Then one of the trials has a terrible result; Jeff, hitherto compliant, becomes more resistant to Abnesti’s authority; he grows close to Lizzy; and at last he discovers two secrets Abnesti has been hiding, one of which will be no surprise to the audience at all, the other of which is rather clever and underlines the Brave New World allusions.

Not everything in the movie works. It can be a little clunky in making its points. After the trial that goes wrong, Abnesti claps Jeff on the shoulder, saying “it’s not our fault” and leaving a bloody handprint. Repeated shots of a turtle in a tiny aquarium are over-obvious references to imprisonment. Narratively, far too much depends on a conveniently dropped set of keys, and the descent into comedy at the end—after 90-minutes in which the only humorous touches have been mild and occasional—comes close to derailing the entire thing.

But much about it does work, all the same. Despite its small cast, its limited range of settings (almost all interiors), and its minimal physical action, Spiderhead never feels stagey or excessively wordy. The drug-test scenes, in particular, are well done and often startling. At the opening, an inmate—Stephen Tongun’s Ray—has been given a substance that induces hilarity, and moves easily from laughing at a series of bad jokes to guffawing at the Rwandan genocide. 

Hemsworth, who’s more than capable of delivering an interesting performance (see: 12 Strong) when he’s not lumbered with a stereotyped role (see: Extraction), is perfectly cast as Abnesti and is by far the most interesting of the central characters. A man whose insistent friendliness—he hates being called “Mr Abnesti”—never fully conceals the tetchiness and even threat beneath. We don’t know quite how far to trust him and neither does his inmates.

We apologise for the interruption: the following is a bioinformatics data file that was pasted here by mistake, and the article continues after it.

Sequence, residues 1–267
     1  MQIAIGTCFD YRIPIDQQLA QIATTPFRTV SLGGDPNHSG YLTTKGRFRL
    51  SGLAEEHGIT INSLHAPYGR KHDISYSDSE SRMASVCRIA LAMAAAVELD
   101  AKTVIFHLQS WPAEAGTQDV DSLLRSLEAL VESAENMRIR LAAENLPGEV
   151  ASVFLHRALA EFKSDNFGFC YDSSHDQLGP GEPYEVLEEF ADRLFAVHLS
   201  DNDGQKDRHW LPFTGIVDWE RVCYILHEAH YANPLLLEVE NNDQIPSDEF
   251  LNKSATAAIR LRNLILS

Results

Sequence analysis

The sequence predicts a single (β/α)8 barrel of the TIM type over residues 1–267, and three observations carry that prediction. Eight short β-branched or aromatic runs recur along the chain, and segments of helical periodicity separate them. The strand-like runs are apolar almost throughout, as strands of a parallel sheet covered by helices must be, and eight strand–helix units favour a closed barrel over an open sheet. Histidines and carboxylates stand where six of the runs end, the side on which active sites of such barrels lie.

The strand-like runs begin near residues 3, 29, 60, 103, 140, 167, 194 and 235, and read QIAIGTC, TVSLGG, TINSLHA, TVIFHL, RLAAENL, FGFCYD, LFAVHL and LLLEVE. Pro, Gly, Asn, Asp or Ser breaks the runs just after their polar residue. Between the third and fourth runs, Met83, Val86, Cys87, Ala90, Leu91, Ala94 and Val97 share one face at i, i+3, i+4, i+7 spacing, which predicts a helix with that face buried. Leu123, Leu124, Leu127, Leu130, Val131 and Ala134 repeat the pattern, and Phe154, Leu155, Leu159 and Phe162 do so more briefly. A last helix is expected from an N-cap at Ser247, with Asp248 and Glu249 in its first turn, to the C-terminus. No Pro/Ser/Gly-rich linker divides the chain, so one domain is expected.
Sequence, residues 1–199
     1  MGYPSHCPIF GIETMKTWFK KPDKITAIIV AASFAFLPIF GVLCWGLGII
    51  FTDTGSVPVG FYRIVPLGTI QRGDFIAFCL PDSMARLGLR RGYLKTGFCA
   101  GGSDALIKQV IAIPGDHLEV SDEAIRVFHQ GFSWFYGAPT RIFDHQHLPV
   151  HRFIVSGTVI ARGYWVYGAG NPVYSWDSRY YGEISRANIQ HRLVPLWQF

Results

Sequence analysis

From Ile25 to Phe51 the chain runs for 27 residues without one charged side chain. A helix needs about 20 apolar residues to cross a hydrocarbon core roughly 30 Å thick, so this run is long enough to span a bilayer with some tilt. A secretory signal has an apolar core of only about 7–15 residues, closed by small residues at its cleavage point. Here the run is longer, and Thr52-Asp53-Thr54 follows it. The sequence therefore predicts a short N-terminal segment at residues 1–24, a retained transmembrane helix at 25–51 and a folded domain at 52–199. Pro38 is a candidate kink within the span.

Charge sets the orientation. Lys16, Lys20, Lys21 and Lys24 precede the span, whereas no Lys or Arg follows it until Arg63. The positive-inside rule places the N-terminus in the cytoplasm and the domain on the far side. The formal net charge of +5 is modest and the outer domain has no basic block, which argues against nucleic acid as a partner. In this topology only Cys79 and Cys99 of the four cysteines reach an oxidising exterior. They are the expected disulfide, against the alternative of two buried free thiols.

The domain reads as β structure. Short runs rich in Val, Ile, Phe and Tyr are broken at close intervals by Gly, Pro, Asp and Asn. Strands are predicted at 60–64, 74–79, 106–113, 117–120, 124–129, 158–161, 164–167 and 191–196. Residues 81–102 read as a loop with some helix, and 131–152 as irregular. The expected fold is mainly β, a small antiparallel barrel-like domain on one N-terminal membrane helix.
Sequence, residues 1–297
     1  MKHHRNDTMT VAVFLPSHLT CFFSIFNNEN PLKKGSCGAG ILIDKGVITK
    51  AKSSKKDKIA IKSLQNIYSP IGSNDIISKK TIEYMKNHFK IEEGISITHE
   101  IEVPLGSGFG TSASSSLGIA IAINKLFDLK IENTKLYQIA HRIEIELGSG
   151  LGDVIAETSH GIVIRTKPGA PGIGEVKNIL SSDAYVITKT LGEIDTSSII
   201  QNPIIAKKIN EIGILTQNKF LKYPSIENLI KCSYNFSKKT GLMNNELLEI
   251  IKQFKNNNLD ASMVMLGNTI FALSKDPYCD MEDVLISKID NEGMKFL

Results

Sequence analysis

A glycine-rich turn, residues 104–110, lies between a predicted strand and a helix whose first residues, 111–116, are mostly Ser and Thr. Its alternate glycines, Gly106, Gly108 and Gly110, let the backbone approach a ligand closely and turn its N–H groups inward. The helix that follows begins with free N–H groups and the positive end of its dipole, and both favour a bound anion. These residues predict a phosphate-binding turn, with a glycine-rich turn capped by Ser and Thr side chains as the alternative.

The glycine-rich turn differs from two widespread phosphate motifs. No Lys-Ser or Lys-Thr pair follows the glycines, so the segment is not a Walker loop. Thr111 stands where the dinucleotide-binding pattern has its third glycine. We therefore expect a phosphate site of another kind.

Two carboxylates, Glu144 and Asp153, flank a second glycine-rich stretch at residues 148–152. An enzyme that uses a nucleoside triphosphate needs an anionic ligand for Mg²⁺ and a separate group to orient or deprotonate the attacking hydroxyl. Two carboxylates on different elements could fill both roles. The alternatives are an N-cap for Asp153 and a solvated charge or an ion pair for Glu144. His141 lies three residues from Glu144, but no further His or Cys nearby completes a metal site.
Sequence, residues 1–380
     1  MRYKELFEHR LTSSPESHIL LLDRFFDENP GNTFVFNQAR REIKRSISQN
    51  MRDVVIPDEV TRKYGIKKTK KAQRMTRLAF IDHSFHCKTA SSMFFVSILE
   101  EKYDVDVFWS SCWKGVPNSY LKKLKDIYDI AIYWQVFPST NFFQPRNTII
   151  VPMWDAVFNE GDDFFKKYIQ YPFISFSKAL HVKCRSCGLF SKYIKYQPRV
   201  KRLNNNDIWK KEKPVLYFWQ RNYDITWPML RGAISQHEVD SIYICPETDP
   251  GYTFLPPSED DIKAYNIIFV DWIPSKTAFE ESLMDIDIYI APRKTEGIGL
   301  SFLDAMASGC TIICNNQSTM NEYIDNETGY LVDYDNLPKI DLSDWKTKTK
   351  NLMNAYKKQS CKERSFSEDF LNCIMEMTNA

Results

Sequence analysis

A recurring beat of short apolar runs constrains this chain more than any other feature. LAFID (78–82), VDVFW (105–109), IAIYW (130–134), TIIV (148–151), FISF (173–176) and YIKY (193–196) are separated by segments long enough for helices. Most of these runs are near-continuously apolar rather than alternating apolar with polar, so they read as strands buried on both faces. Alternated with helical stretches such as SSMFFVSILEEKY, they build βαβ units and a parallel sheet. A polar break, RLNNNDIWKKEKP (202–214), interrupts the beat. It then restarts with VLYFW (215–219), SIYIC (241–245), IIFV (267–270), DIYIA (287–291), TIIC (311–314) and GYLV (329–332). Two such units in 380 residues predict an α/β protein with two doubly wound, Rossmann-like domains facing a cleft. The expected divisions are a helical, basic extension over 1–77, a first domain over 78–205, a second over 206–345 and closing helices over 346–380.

Meanwhile, Smollett (Lovecraft Country) is believably human as Lizzy, Paguio makes Verlaine an ambivalent scientist who we want to learn more about, and Teller resists the temptation to overdo Jeff’s scepticism about the drug project and his guilt about his past. (Both he and Charles Parnell, who has a small role here, also appear in Top Gun: Maverick.) Joseph Trapanese’s original score is accompanied by a witty selection of songs, from Roxy Music’s “More Than This” to Thomas Dolby’s “She Blinded Me With Science.”

In the end, the answer that Spiderhead gives to its central question—is happiness worth having if it means losing our individuality?—will shock no one. Jeff and Lizzy (and by extension all of us), it suggests, will find redemption not by chemically erasing their regret but by learning to live with it.

On the way to that conventionally affirming conclusion, though, even if Spiderhead often gives the impression of bringing up intriguing ideas and not quite following them through, it does take enough unanticipated turns to hold the attention. It’s just a shame about that silly ending.


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Cast & Crew

director: Joseph Kosinski.
writers: Rhett Reese & Paul Wernick (based on the short story ‘Escape from Spiderhead’ by George Saunders).
starring: Chris Hemsworth, Miles Teller, Jurnee Smollett, Tess Haubrich & Mark Paguio.